Instead of wasting more taxpayers’ money in an appeal to the Supreme Court the Government should implement the recommendations of these reports.

The Government claims to want to appeal this case in order to clarify the issues. That is nonsense. The issues could not be clearer. The judgement is crystal clear.

The reality is that the Government wants to appeal this in order to forestall citizens in Waterford and Dublin South from taking the same course as Senator Pearse Doherty.

The Government should proceed now, not only with the Donegal South-West by-election, but with those in Dublin South, Waterford and Donegal North-East.

This is not about a Government limping to get across the finish line of a Budget vote on 7 December.

This is about the future of Ireland in the next five, ten, fifteen and 20 years. This is about the future of our children.

A Government with no mandate is about to impose not only a savage Budget but also a four-year budgetary plan – an attempt to tie the hands of a future Government and rigidly set our economic direction. And all before the people have the chance to give their verdict in a General Election.

What a tragedy that the Government has been facilitated in this by the so-called main Opposition parties, Fine Gael and Labour, who have joined the Consensus for Cuts and signed up for a deficit reduction of 3% by 2014 regardless of the consequences.

Savage cuts have not turned the economy around in the last three years and they will not do it in the next four.

We need a programme of economic stimulus, revenue saving and raising to address the deficit, the protection of people on low to middle incomes, the safeguarding of social supports and the preservation of essential public services.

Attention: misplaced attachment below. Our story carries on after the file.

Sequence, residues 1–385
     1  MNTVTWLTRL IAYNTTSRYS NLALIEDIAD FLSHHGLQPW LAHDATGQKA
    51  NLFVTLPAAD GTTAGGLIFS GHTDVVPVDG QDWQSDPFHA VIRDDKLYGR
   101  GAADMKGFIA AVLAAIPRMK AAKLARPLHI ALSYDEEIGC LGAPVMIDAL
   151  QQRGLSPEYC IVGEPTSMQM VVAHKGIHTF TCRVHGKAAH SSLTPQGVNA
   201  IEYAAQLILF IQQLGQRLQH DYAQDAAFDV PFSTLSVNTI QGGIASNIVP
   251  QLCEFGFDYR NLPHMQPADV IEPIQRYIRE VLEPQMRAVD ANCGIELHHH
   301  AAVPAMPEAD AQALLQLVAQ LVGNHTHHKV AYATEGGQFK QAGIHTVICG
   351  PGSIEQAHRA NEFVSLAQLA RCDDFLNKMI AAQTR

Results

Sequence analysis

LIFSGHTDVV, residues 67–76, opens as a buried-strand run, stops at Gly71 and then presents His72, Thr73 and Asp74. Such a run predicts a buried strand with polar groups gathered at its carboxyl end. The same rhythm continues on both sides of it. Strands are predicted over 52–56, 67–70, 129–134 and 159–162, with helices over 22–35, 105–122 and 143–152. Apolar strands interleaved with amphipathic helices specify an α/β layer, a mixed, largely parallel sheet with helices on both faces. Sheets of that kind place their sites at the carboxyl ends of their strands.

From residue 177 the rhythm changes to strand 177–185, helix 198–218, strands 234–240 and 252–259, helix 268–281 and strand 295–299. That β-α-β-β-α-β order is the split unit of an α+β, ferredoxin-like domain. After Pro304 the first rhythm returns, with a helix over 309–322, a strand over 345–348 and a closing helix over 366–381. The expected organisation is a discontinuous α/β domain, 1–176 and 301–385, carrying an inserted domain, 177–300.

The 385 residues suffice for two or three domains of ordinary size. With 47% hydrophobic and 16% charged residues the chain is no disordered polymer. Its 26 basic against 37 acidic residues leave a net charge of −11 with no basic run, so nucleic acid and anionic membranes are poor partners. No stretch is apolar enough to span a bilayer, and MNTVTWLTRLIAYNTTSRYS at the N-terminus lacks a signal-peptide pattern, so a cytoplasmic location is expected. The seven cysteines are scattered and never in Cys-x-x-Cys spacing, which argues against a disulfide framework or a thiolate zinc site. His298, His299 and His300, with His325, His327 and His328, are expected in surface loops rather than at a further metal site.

Instead the Government is set on a path of destruction – destruction of the income of low to middle income families, demolition of essential public services like health and education, removal of social supports and the deepening of the recession.

No county in Ireland has experienced more emigration than Donegal, both historically and in our own time.

Recently, when we in Sinn Féin spoke of making the wealthy pay their fair share in taxation, the Minister for Finance spoke of people “fleeing the jurisdiction”.

The Minister and this Government care little for the young people forced to leave this jurisdiction and wholly and solely because of the destruction this Government has inflicted on our economy, resulting in 450,000 people on the dole and a renewed exodus of young Irish men and women.

I am reminded of what Peadar O’Donnell said when he challenged De Valera on the rate of emigration. De Valera asked him would there not be people emigrating if O’Donnell was in power and O’Donnell replied yes but they would be different people.

I don’t necessarily want the members of this Government to emigrate - well, maybe some of them might like to consider it – but I do want and the overwhelming number of people want them to get the hell out of office as the people will demonstrate in the General Election when it occurs.